A new approach to tackle lung disease
The upper human airways are lined with a mucociliary epithelium, where mucus traps particles and pathogens (e.g. bacteria) and cilia beat to generate flow to move the mucus (and trapped material) away from the lungs. Improving our understanding of this process will lead to the development of new therapeutics to treat airway diseases such as asthma, COPD and cystic fibrosis.
Dr. Eamon Dubaissi, in collaboration with Professors David Thornton, Ian Roberts and Richard Grencis (all of the Lydia Becker Institute of Immunology and Inflammation), is developing a new model to study mucociliary epithelia – the skin of the tadpole from the frog species, Xenopus tropicalis. The tadpole skin has mucus-producing cells and motile ciliated cells, just like those found in the human airways. Funded by a grant from the National Centre for the Reduction, Refinement and Replacement of Animals in Research (NC3Rs), the researchers aim to generate a live fluorescence model of mucociliary clearance using the tadpole.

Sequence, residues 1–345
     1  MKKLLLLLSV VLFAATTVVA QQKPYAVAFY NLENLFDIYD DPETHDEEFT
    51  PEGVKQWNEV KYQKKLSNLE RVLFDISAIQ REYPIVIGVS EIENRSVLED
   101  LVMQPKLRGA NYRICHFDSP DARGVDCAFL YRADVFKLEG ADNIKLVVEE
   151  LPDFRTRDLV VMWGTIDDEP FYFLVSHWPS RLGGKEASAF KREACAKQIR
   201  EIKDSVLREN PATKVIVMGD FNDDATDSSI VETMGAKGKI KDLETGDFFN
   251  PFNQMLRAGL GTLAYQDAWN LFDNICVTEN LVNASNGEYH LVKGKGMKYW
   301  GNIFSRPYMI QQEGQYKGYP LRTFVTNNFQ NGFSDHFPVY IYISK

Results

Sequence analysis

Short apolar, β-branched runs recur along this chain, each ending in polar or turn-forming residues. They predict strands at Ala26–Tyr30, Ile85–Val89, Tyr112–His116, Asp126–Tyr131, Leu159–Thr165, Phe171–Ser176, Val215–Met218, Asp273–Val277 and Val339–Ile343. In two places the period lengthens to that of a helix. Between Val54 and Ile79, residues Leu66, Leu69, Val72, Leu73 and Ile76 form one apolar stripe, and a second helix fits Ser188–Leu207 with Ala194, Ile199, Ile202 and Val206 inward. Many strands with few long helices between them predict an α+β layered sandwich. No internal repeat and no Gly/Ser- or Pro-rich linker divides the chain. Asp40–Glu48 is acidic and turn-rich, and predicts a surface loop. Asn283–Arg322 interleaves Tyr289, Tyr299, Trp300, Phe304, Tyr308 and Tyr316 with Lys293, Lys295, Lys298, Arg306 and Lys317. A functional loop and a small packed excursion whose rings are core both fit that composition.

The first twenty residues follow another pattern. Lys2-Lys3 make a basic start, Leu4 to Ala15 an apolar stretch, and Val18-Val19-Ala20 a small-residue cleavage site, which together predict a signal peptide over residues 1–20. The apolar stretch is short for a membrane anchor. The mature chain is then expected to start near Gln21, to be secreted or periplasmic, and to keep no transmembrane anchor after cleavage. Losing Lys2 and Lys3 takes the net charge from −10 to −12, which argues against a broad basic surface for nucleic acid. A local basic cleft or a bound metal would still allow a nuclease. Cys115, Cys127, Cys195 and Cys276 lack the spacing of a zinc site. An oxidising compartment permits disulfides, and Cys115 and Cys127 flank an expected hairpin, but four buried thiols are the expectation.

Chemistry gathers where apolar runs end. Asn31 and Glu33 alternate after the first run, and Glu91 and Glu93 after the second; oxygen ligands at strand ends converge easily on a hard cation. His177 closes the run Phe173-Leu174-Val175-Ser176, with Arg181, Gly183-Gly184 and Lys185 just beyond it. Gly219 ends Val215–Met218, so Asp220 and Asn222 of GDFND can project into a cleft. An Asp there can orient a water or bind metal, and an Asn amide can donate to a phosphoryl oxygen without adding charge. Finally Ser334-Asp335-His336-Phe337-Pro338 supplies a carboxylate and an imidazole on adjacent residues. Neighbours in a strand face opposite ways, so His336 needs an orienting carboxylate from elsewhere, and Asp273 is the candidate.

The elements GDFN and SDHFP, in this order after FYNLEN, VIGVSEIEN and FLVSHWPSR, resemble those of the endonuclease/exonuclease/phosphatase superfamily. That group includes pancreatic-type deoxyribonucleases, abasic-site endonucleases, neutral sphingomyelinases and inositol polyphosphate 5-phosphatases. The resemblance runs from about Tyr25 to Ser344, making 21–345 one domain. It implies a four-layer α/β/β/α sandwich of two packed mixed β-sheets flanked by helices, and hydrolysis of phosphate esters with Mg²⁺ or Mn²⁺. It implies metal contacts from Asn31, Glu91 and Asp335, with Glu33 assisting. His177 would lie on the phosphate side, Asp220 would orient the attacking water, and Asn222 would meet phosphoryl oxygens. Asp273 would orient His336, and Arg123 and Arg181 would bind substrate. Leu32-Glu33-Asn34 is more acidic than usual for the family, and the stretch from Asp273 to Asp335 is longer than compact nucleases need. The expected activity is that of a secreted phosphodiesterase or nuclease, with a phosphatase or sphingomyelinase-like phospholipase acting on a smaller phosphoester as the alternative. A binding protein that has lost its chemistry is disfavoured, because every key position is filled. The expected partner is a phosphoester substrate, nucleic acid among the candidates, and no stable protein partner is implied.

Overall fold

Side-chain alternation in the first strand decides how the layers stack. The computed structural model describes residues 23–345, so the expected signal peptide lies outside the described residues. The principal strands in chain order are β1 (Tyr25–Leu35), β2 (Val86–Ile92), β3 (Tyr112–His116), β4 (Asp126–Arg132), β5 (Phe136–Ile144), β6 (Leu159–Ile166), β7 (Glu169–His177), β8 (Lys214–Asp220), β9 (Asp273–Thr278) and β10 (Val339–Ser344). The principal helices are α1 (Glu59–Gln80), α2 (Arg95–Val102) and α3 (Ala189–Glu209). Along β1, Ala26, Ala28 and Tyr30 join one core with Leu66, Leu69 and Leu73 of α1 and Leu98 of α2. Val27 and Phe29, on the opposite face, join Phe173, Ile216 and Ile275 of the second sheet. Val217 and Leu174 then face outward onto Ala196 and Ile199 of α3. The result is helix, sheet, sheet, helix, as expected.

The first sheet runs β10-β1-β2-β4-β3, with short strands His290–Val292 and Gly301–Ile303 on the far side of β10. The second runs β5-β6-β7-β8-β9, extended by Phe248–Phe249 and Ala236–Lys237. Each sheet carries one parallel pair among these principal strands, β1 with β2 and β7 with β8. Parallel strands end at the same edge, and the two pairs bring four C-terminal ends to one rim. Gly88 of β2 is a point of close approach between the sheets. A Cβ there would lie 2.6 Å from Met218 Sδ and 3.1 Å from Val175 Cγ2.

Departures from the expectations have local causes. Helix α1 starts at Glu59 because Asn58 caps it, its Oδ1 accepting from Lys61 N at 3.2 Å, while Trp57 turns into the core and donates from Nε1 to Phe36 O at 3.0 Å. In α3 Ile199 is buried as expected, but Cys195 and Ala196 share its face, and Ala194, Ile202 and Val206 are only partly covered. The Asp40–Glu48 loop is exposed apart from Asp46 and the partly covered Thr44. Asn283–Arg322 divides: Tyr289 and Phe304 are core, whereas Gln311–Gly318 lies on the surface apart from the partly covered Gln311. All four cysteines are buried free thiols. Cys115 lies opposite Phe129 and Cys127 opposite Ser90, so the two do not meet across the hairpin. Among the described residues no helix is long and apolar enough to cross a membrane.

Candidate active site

They have produced an animated video to explain exactly how the model is being developed and how it can be used in future, with emphasis on its potential to replace mammalian models that are currently employed to study mucociliary clearance in health and disease.